 H.R.333 – Disabled Veterans Tax Termination Act:

Amends federal military retired pay provisions to: (1) permit veterans with a service-connected disability of less than 50% to concurrently receive both retired pay and disability compensation; (2) eliminate provisions requiring a phase-in between January 1, 2004, and December 31, 2013, of concurrent receipt of retired pay and disability compensation; (3) eliminate a phase-in of concurrent receipt of retired pay and disability compensation for disabled veterans determined to be individually unemployable; and (4) require a limited reduction in retired pay for qualified disability retirees with less than 20 years of retirement-creditable service.
This bill has not been passed by both the House and Senate. It has been referred to the Subcommittee on Disability Assistance and Memorial Affairs.

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 H.R.1292 – Disabled Veterans Commissary and Exchange Store Benefits Act:

Permits a veteran with any compensable service-connected disability (and the veteran’s dependents) to use commissary and exchange stores on the same basis as a member of the Armed Forces entitled to retired or retainer pay.
Referred to the House Committee on Armed Services.
This bill has the support of many veteran service organizations and they are asking members to contact their respective representatives to support this bill.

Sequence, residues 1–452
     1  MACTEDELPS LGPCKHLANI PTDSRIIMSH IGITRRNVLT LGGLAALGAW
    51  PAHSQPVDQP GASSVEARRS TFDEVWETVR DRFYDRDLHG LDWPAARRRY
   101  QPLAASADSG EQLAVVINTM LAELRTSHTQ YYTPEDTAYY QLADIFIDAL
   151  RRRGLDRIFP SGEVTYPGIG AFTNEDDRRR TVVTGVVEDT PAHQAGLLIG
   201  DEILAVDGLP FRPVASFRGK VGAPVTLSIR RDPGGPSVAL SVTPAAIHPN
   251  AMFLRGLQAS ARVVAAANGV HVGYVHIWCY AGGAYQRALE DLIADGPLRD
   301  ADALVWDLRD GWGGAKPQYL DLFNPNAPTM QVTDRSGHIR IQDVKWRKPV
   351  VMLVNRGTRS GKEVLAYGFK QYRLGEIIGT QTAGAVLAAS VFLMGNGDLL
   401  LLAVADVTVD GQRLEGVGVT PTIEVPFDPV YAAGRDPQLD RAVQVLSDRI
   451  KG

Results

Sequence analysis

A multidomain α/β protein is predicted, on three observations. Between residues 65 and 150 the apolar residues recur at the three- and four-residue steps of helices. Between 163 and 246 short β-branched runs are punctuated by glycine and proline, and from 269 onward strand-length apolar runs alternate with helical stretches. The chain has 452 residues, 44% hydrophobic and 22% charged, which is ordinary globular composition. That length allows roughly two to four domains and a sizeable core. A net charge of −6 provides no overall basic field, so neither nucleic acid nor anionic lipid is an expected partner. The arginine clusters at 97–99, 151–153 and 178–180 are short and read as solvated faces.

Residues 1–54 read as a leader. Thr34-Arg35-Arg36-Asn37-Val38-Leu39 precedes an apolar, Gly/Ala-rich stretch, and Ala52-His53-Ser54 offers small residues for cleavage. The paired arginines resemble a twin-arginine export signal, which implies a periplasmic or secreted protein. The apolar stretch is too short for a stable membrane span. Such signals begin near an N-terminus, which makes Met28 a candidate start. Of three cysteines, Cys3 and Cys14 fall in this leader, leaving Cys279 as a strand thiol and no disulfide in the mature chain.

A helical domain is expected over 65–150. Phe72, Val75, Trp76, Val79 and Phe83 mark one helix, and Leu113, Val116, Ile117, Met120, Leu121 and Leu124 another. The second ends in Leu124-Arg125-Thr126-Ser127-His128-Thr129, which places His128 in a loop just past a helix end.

<strong>This bill has not passed as of 29 September, 2015

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 Oklahoma Offers Special Benefits for its Military Service Members

Some of the benefits offered to Veterans by the State of Oklahoma are as follows:

State Taxes: – An Oklahoma resident who is a member of any component of the Armed Services may exclude 100% of his/her taxable active duty military pay. This includes Reserve and National Guard pay.
Income Tax Exemption for Nonresident Military Spouse – a nonresident Spouse of a nonresident Service member may be exempt from Oklahoma income tax on income from services performed in Oklahoma if all of the following facts are true:
• The Service member is present in Oklahoma in compliance with military orders;
• The Spouse is in Oklahoma to be with the Service member; and
• The Spouse maintains the same domicile as the Service member.
Withholding Tax: A Spouse whose wages are exempt from Oklahoma income tax under the SCRA may claim an exemption from Oklahoma withholding tax. Spouses wishing to claim this exemption from income tax may file a Form OW-9-MSE: Annual Withholding Tax Exemption Certification for Military Spouse with their employer. Spouses claiming exemption from Oklahoma income tax should consider the impact on their income tax (and estimated income tax) liability in their domicile state.
Retired Military Pay: Any individual may exclude the greater of 75% of their retirement benefits or $10,000, but not to exceed the amount included in the Federal Adjusted Gross Income. The retirement benefits must be from any component of the U.S. Armed Forces.
100% Veteran Disability Tax Exemption: – 100% tax exemption for sales tax, excise tax, and ad valorem tax (Latin term meaning “as to value”), including city and county sales tax, will be exempt.
Eligibility: Persons who have been certified as receiving compensation at the 100% rate where disability is permanent and where it is service connected as certified by the United States Department of Veterans Affairs. The sales tax exemption for the 100% disabled veterans extends to the surviving spouse of a deceased qualified veteran if the surviving spouse has not remarried. Sales qualifying for the exemption are limited to $1000.00 per year for the surviving spouse.